In this lonely spot lie the mortal remains of more than 100 unknown soldiers of the Confederacy.   Most of them were wounded while heroically defending the City of Atlanta against overwhelming forces of General Sherman, and died in an improvised hospital at nearby Milner.  At the time this marker was erected the graves were marked with plain rocks for head and foot stones, but the Willie Hunt Smith Chapter No. 49 of the United Daughters of the Confederacy had undertaken to identify and mark each grave.   (On the old Alabama Road about 100 yards south of Liberty Hill Road.)

Confederate Hospital
On this site stood one of Milner's temporary hospitals for Confederate soldiers wounded in the Battles of Atlanta and Jonesboro in 1864. These men were hastily evacuated south on the only railroad from Atlanta still operated by the C.S.A. at that time. Dr. John F. Hunt, local physician, doctors from nearby communities and townspeople fed and cared for the wounded. 108 of these soldiers, from various companies and several southern states, died at Milner and were buried in a cemetery a mile from town on the Liberty Hill Road. (US 41 (Ga 7) in Milner.)

Old Alabama Road
This road from South Carolina to Alabama, originally an Indian trail, became a famous stage coach route. Part of the New-York and New-Orleans Main Line, its "excellent roads, accommodating agents, new coaches and good horses" made it one of the superior routes in the United States. The 18 to 25 gaily painted coaches drawn by six horses in constant use on the Alabama road carried the famous men of the times. Various inns along the way entertained Martin Van Buren, Marquis de LaFayette, Henry Clay, Elijah Clarke, James K. Polk, Andrew Jackson, Robert Toombs and countless other travelers. (Liberty Hill Road about one mile east of Milner.)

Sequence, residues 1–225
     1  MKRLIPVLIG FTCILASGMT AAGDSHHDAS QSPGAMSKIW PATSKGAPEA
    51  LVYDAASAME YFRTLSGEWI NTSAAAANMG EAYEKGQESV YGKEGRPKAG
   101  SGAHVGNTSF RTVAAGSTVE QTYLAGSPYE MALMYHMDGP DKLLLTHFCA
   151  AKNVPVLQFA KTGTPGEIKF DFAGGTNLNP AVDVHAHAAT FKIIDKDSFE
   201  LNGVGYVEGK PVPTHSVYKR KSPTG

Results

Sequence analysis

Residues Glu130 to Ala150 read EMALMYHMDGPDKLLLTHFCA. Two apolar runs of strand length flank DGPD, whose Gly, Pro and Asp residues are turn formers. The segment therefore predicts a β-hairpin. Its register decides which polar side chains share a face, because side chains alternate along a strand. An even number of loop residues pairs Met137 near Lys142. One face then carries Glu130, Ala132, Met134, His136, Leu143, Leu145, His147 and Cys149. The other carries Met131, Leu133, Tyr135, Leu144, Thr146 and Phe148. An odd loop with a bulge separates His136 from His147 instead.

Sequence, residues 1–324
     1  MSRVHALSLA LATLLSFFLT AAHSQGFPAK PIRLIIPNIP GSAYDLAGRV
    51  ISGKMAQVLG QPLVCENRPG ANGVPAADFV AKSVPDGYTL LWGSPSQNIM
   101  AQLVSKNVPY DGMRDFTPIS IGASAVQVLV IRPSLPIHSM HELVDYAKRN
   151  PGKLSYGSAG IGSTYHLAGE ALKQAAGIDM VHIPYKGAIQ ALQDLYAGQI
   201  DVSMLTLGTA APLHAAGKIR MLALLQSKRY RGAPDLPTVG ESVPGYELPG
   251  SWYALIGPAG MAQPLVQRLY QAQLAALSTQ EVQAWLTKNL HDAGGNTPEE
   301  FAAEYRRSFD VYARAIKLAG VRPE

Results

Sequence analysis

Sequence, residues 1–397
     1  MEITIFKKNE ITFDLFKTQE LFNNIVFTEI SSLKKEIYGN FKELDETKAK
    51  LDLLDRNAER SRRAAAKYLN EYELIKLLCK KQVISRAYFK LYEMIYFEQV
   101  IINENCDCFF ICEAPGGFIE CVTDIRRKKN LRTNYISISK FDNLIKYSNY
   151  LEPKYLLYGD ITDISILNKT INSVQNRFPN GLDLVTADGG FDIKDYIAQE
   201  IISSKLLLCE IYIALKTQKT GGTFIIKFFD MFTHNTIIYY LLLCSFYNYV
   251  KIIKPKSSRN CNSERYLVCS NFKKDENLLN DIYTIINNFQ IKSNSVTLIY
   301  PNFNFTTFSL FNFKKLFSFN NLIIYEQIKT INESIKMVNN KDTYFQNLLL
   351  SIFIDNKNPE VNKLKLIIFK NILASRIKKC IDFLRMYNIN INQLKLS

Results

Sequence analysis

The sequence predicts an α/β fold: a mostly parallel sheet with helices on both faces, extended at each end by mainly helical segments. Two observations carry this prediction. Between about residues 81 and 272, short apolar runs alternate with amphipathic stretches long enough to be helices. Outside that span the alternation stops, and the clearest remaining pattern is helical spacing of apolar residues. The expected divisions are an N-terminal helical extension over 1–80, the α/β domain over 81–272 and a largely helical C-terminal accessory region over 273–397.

Gordon Military College
Founded as Male and Female Seminary in 1852, this was a pioneer school of its kind in Georgia. It was reorganized in 1872 as Gordon Institute, named for General John B. Gordon, famed Confederate soldier, Governor and Senator, who was a friend of Charles E. Lambdin, its first president. In 1927 this school became Gordon Military College, an Honor Military School, an accredited, nonsectarian, five year preparatory Junior College. Graduates have won distinction in many fields of endeavor. Senator Richard B. Russell is numbered among its prominent alumni. (Georgia Avenue in Barnesville at the main entrance to the college.)

Confederate Hospitals
Historic marker for the five Confederate Hospitals in Barnesville In July 1864 the following hospitals were in Barnesville: KINGSVILLE HOSPITAL, Surgeon B. N. Avent. KINGSTON HOSPITAL, Surgeon George W. McDade, Asst. Surgeon V. S. Hopping. This hospital was moved from Kingston, Georgia. MEDICAL COLLEGE HOSPITAL, Surgeon W. P. Westmoreland (also in charge at Milner). This hospital moved from Atlanta. FLEWELLEN HOSPITAL, Surgeon Miles H. Nash. The hospital was named for Surgeon Edward A. Flewellen who lived at The Rock and is buried in Thomaston. ERWIN HOSPITAL, surgeons Joseph A. Groves and B. N. Avent. (U.S. 341 (GA 36) in Barnesville about one block south of US 41 (Ga 7).


** See also GEORGIA HISTORIC MARKERS (Lamar County) **